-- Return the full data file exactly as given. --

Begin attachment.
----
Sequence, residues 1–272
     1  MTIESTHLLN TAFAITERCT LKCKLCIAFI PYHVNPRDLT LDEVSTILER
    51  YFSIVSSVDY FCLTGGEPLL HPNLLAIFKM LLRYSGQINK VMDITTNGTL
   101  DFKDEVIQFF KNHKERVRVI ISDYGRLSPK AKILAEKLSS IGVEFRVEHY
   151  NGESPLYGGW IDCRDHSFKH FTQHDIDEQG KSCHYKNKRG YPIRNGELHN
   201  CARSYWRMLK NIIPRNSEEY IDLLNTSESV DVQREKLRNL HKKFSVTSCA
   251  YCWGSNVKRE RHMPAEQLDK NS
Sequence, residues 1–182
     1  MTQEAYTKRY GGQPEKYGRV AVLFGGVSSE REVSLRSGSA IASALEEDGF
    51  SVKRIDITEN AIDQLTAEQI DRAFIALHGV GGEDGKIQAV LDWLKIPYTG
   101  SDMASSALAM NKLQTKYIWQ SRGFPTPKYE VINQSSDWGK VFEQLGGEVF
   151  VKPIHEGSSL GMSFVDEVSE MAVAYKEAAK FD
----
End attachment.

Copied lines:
Sequence, residues 1–272
     1  MTIESTHLLN TAFAITERCT LKCKLCIAFI PYHVNPRDLT LDEVSTILER
    51  YFSIVSSVDY FCLTGGEPLL HPNLLAIFKM LLRYSGQINK VMDITTNGTL
   101  DFKDEVIQFF KNHKERVRVI ISDYGRLSPK AKILAEKLSS IGVEFRVEHY
   151  NGESPLYGGW IDCRDHSFKH FTQHDIDEQG KSCHYKNKRG YPIRNGELHN
   201  CARSYWRMLK NIIPRNSEEY IDLLNTSESV DVQREKLRNL HKKFSVTSCA
   251  YCWGSNVKRE RHMPAEQLDK NS
Sequence, residues 1–182
     1  MTQEAYTKRY GGQPEKYGRV AVLFGGVSSE REVSLRSGSA IASALEEDGF
    51  SVKRIDITEN AIDQLTAEQI DRAFIALHGV GGEDGKIQAV LDWLKIPYTG
   101  SDMASSALAM NKLQTKYIWQ SRGFPTPKYE VINQSSDWGK VFEQLGGEVF
   151  VKPIHEGSSL GMSFVDEVSE MAVAYKEAAK FD